Understanding the Retail Consumer

The customer may always be right according to the old adage, but the customer may not always be profitable. This is reason that many retail companies are today rethinking their customer strategies. While the existence of the customer is integral to the existence of the retailer, the ability to understand consumers is the key to developing a successful retail strategy. To be able to satisfy the customer, it is necessary to understand them, their needs and how they respond to various marketing efforts done by retail organization. As competition increases and the customer becomes knowledgeable and demanding the retailer needs this knowledge to stay ahead of his competitors and build a competitive advantage.

An integral part of understanding customers is identifying the customer for the product or service i.e. the target segment and the demographics o this segment their needs and buying behavior. We started by understanding the need for studying the consumer; this is followed by a discussion on the factors that affect the retail shopper. The decision making process that a customer undergoes while buying is then examined. We also study the changes in the Indian consumer and understand what it means for the retailer. Lastly we look at how the retailer can use research as a tool for understanding markets and consumers.

The need for studying consumer behavior:

A key faced by the retailer is creating products and services which would be successful in the market. An accurate understanding of consumer need helps the retailer create product that is likely to be successful in the market. Consumer understanding or an understanding of the consumer buying behavior is the starting point of strategy creation. It is not only important o understand what consumers know about a product, but also what they do not know. This helps in determining the cannels of communication and the products that need to be created to cater the needs of the customer. Understanding consumer knowledge can also help a firm assess how well it has achieved its product positioning goals. The firm needs to study consumers to see how it is deemed success.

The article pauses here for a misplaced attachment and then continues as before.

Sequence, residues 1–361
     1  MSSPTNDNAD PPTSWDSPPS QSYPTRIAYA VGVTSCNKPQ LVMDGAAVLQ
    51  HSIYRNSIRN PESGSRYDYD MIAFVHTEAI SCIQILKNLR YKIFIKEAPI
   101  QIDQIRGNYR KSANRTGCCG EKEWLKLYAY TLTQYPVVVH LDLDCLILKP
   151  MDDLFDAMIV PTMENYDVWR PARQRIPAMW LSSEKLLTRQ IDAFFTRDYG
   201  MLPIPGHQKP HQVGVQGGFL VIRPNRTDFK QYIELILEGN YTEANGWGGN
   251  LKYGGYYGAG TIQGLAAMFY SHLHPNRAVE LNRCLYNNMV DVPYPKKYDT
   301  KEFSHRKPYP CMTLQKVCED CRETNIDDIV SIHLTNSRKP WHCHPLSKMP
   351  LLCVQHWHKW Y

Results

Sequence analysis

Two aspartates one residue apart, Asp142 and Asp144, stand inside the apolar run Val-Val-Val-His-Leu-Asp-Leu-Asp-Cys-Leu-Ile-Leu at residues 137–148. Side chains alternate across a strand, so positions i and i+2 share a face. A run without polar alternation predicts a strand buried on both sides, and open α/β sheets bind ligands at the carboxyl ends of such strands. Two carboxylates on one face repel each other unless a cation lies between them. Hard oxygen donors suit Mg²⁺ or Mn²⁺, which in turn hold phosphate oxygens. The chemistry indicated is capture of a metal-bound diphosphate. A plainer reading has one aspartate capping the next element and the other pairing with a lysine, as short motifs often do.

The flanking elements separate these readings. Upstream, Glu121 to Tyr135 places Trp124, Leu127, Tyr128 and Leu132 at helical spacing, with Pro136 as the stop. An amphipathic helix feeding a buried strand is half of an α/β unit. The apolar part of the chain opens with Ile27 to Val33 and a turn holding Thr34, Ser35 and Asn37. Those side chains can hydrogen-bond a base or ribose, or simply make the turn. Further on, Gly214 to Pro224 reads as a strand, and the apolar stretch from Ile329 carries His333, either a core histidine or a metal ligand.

Retailers need to know the various influences that lead up to a purchase, not just the store where the purchase as made. This includes looking at a host of external and internal influences. The process starts with:

1) Understanding how the need for a product / service was determined
2) Understanding how information was sought by the customer
3) The process of evaluation of various products and stores
4) The payment process
5) The post purchase behavior

While understanding consumer behavior completely may not really be possible, it is in the best interest of the retailer to know his customers. The earliest attempts to study Consumer behavior were motivation research, which relied heavily on Freudian techniques. Consumers can be studied in a variety of ways, including through observation, electronic surveillance interview and surveys, experimentation and sales analysis or consumption research. Firms must examine the demographics (even geo demographics) of customers, as well as the role of group influence and personal factors like attitudes beliefs motivations etc. Population is not static in the long term; they move around with population ebbing and flowing like the sea. Growth areas emerge over time, quickly some slowly. Corporations analyze these population trends and start planning to enter or leave markets accordingly. This is the process of analyzing constantly the changing consumer trends competition, external sources of influences and company strengths and weaknesses. This may all sound very sound very easy but in practice it is often very difficult.

It is also important to know how, when and where the customers use the product or service that the retailer sells. An objective analysis of internal strengths and weaknesses must also be made. This is often difficult, for strengths are often overstated, while weaknesses understand. An analysis of the competition is also in order. Some firms welcome competition even trying to locate near competitors so that a critical mass can be created. Finally, the external market factors must be considered notably the economy but also technological and legal / political issues as well.